Monday 21 May 2018 11.43pm
‘Revisiting Chinatown, Again’ 2018 #23916
I last saw Chinatown in March 2017. I don’t remember why, but I watched it with my wife and my dad. That was probably my sixth time, and if it was, that – logically – makes this my seventh time.
It was a film that bewildered me for at least twenty years because I only understood two aspects: the private-eye story and the rape story. The crime, buying up land in North West California, which would be provided for, by the proposed dam – was a scam and a fraud committed by a man who was already wealthy beyond belief – Noah Cross (John Huston). Why he needed to make more millions at the expense of California and L.A. given that he’s 70-years old, if he’s a day over 7-years old, speaks to the greed of this man and many more. Gittes asks him that question and receives a reply that indicates the Cross is without qualms or morals. He only sees his power and prestige as a reflection of any deal he makes.
It’s a dark picture with an unhappy ending where the client – also the victim – dies while the mean old man lives. The man caught in the middle, J. J. Gittes, is ushered out of the film with the advice, he shouldn’t worry, and the comforting words, “It’s Chinatown”.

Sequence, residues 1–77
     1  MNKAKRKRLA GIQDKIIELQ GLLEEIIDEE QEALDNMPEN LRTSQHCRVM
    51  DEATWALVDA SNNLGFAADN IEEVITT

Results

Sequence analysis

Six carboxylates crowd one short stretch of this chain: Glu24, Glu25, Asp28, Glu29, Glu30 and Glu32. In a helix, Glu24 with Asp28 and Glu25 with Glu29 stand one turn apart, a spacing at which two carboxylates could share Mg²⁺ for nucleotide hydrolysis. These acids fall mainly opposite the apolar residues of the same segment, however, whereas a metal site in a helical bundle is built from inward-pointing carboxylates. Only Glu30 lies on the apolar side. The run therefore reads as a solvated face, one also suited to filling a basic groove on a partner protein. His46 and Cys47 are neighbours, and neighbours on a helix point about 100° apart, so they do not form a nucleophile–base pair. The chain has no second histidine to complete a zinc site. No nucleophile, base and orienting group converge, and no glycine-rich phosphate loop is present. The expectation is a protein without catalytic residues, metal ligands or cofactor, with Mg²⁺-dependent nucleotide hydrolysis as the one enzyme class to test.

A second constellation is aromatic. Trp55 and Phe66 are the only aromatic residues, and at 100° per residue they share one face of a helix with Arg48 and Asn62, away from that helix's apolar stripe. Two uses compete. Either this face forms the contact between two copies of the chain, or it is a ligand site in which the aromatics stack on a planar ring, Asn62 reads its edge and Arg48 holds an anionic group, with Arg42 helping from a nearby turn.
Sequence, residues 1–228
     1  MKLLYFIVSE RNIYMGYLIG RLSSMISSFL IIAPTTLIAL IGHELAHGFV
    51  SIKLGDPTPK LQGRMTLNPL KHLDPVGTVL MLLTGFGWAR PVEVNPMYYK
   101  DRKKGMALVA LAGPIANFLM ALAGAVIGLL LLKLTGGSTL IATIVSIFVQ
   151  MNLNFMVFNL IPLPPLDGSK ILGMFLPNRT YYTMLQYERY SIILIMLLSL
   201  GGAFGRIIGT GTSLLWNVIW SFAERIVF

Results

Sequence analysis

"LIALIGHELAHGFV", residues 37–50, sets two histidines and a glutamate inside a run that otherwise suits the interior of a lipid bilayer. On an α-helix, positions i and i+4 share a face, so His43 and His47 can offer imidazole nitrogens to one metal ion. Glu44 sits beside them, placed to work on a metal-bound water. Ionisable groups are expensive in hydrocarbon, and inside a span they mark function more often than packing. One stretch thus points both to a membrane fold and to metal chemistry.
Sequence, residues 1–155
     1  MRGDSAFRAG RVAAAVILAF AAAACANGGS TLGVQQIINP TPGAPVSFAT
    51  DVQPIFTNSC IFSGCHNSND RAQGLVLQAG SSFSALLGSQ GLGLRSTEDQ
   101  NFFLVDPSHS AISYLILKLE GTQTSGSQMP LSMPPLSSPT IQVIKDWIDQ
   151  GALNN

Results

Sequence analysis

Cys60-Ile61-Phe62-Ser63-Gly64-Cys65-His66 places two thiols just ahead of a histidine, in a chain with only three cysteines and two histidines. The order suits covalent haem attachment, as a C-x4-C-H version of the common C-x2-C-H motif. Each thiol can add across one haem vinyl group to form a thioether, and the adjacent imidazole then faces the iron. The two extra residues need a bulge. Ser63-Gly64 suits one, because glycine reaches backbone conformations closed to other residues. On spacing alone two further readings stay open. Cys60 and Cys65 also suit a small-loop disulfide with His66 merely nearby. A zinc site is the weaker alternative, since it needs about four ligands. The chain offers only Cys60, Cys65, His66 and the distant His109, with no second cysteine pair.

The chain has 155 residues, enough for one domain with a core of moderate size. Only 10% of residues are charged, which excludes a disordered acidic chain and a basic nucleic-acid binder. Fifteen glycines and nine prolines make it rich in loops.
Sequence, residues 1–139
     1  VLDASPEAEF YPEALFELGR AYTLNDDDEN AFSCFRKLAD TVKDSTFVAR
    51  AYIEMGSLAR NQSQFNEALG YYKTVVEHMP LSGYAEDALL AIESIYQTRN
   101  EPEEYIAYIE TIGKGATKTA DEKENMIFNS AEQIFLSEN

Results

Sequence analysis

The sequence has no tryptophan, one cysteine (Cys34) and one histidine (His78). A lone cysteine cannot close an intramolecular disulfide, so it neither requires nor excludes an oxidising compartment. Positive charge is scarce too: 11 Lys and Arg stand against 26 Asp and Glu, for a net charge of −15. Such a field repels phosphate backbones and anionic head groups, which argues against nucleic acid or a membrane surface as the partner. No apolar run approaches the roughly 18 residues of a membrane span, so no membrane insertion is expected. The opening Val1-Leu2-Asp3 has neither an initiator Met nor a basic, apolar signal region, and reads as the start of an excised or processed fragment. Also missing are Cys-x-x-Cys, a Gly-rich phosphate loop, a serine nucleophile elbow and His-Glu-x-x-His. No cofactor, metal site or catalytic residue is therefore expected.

No one is left content. Everyone is left unhappy except for Noah Cross who gets to keep everything he wants: his other daughter, Katherine, his financial plan for building a dam and bringing water into the valley, and his determination to achieve anything he wants to achieve at the expense of anyone who gets in his way. It makes him a greedy monster, who doesn’t care about anything other than crushing people who are in the way of his plans. No one is safe from Noah Cross and what he wants to do.
If anyone is wondering about why there’s the subplot about the rape of Cross’s daughter and the fact his daughter, Evelyn, is both sister and mother to Katherine, it’s because Cross doesn’t care about anything other than what he wants right now. If he wants sex, he’ll take his daughter Evelyn without a thought of the morality.
John Huston’s arrogance in his portrayal of Noah Cross represents all of the self-interested parties in California, who don’t care a fig – or an orange – for anyone else. They only want to know how rich – whatever the latest deal – it will make them if they follow this path.